Monday, October 1, 2012


Ayn Rand has always been a blank spot in my education. 

Even the spell checker for this blog posting tool thinks that her first name should be Ann.

So I am not alone in my ignorance.

But I take full responsibility for my educational shortcomings.  They are the result of not having been born to a family of the proper sort, to laziness and to abject stupidity.

So when sometime back I finally became aware of the name Ayn Rand, and coincident with that awareness, became aware of the awe that her name elicits in some circles, I decided that she was someone whom I  should read.

But somehow Trollope, Hardy, Maugham and even Hemingway and Faulkner (ok only one Faulkner, and there were quite a few Asimovs and Heinleins) kept coming ahead of Ayn.

When I left for Paris recently that changed.

I read a lot at night when I wake and can’t immediately return to sleep.  Calvados helps, but reading is the best use of that time, and ultimately the best soporific.

The amount of time I have planned to be in Paris dictated that I need quite a few pages to fill my inevitable waking hours.

Having heard endless references to the fact that the deep thinking Ayn Rand is the spiritual god mother to the current republican party – especially true with Paul Ryan – and having discovered that Atlas Shrugged in the version that has been languishing for years on the paperback bookcase across from the washing machine in our first floor multi-use area is over a thousand ten pitch, densely written, pages, I decided that the time had come to eliminate one more missing piece of my education.

Simply stated, there appeared to be a curious confluence between that chink in my educational armor and my requirement for a large content, low physical weight, book to carry on a plane.

So when I got here I started reading Atlas Shrugged.

Almost immediately I found myself immersed in a good tale well told.  But I was surprised to find it lacking – at least for me – any deep sociological, political, economic or philosophical heft.

I quickly decided that this apparent lack was due to the already admitted frailty of my education.  One can’t make up for that, it turns out, by trying to make up for that. 

I just wasn’t “getting” it on the same level as the republicans.

But, the tale being engaging, I kept reading.

It had already became apparent – before my realization that I wasn’t “getting” it - that Rand had introduced, unheralded by the shouting machine that tells us all what to read - and before its time, a genre book.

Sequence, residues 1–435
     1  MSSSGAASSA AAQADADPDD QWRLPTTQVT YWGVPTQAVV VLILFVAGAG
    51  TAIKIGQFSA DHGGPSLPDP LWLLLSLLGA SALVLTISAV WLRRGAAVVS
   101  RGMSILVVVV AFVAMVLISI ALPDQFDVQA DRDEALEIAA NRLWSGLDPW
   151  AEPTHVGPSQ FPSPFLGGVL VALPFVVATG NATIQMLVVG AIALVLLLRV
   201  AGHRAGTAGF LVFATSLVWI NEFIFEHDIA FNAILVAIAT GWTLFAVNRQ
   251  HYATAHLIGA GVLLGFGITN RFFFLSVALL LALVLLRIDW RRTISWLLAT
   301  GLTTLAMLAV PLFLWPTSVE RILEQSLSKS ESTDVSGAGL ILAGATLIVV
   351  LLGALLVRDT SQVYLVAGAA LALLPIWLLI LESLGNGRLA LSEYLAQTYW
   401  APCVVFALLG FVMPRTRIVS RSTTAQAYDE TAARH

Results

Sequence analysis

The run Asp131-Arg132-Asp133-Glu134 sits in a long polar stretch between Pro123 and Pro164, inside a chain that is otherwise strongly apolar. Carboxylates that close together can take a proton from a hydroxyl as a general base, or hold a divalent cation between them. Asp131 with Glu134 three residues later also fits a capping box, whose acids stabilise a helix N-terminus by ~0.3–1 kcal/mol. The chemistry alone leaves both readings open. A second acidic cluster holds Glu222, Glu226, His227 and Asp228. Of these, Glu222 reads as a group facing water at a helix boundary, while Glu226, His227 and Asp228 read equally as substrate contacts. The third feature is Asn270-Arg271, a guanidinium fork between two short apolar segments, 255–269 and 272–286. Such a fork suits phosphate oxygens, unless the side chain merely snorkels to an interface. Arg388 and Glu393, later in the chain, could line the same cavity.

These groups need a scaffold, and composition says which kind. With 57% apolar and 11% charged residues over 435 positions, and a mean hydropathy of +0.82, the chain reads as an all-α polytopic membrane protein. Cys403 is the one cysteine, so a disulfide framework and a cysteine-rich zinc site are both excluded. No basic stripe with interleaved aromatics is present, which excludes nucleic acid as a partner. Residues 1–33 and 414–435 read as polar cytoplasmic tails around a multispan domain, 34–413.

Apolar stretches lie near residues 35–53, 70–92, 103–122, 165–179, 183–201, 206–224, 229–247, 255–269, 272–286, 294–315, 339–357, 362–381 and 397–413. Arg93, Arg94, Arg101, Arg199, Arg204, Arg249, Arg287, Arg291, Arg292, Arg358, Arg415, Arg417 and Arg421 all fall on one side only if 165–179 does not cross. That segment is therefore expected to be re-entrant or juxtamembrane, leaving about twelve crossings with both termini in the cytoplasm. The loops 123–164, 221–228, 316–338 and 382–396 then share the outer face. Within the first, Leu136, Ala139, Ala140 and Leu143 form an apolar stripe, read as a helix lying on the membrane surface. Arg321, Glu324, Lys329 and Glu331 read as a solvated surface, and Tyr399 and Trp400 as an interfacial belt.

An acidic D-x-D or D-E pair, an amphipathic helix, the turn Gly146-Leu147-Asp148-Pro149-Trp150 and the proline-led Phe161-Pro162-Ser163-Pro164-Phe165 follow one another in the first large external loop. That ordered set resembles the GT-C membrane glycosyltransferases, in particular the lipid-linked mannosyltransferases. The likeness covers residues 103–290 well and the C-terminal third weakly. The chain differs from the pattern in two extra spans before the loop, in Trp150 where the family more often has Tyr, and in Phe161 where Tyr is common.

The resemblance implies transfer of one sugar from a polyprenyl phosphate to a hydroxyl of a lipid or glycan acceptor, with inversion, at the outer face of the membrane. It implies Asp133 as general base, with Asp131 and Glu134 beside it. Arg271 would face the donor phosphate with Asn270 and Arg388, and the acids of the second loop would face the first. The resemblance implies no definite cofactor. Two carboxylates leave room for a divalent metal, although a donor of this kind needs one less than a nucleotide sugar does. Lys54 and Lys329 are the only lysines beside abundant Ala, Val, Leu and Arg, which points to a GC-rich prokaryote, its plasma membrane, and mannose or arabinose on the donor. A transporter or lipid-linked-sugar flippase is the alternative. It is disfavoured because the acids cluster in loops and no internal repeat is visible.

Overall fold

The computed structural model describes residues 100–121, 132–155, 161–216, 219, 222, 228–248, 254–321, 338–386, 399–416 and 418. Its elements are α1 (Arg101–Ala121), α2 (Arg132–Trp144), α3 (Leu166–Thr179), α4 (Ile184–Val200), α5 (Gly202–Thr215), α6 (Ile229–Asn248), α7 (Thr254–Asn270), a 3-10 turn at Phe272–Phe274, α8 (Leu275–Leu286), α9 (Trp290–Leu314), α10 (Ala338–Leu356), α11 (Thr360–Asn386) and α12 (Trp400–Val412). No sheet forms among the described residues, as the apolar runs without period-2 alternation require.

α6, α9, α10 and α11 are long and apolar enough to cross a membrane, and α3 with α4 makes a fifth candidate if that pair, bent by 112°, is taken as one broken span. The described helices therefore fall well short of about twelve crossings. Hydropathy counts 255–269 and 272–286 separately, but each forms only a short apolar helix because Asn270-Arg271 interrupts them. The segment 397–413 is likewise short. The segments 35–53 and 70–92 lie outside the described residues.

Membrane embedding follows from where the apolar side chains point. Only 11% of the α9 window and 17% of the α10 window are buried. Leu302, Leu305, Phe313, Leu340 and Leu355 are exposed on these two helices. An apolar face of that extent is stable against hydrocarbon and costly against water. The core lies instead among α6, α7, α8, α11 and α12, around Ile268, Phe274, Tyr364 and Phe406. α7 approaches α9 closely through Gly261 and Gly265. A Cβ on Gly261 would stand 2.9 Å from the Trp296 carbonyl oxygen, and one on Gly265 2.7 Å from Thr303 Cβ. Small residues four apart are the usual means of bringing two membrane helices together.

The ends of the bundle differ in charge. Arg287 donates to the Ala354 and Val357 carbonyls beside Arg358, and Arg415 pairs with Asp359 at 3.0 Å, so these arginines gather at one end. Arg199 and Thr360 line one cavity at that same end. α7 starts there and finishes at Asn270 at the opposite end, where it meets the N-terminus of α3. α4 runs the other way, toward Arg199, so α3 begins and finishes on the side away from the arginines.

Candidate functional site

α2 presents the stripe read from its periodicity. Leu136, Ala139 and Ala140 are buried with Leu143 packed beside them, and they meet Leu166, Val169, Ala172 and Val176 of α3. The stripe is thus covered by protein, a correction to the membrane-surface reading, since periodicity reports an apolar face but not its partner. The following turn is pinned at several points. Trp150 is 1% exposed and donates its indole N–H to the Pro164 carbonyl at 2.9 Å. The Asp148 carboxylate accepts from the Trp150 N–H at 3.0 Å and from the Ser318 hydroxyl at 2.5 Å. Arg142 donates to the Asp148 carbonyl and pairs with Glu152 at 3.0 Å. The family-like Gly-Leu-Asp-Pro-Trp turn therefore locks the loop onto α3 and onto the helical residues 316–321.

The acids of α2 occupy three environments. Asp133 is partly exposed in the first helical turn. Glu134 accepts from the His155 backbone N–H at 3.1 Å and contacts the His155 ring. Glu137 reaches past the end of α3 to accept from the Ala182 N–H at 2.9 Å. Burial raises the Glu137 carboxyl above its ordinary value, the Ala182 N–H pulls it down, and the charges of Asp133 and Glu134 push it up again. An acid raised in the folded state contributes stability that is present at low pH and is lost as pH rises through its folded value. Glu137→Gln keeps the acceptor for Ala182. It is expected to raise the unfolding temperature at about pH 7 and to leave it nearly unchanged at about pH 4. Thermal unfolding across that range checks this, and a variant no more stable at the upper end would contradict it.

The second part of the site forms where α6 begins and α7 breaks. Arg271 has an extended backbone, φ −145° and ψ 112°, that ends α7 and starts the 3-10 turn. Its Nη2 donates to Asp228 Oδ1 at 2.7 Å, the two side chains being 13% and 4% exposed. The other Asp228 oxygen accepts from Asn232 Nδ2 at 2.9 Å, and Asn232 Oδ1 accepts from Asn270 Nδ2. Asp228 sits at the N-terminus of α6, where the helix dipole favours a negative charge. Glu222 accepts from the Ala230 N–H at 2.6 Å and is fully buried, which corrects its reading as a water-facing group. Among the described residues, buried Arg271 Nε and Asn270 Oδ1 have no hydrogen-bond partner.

“This thing” I said to myself as, early on, I saw the inevitable direction of the major plot points “is a bodice ripper.”

Having never read one of those, I was intrigued, and lurched forward with lechery.

The parallel realization – and one that to me as a writer of sorts was equally intriguing – was that, in tandem with the inevitable future heated encounters that she was obviously setting up for a couple of her main characters, she was setting up two types of characters, not just one

Those two types can be given generic names.

There are long lines of straw men/straw women.

There are a precious few noble leaders all of whom have blue eyes and most of whom have angular faces and ash blond hair that tends to hang in wisps. 

But there is more to this dialectic .

All of the straw folk – as a vast generic mass - have a purpose for Rand.  They are to be incessantly flailed into vast clouds of polemic straw dust with her flail-like pen while she tells the tale of the noble few as they wage their nearly hopeless struggle against the hoards of straw, their blue eyes gleaming and their ash blond hair wisping.

(I guess I could say she also introduced the zombie genre, but I won’t.)

If nothing else, Rand is a a flailer of massive vigor.

But let’s move on to whatever point I seem to be trying to make.

Last night, in a late waking moment, the first payoff to forging ahead through all the failing and wisping has finally come. 

“I was right” I chortled to myself.

It finally happened. 

Dagny and Hank have finally copulated with intimately documented, heatedly, pantingly, breathlessly delivered high test prose.

As described it isn’t love.

It isn’t even lust.

It is rape. 

On the face of it Hank is the rapist. 

But, if you have bought into the character of Dagny, as I have, it may be her (she). 

But who cares? 

“Rape is rape” as I heard someone say recently.

At least now I know where the republicans got their doctrine of legitimate rape.

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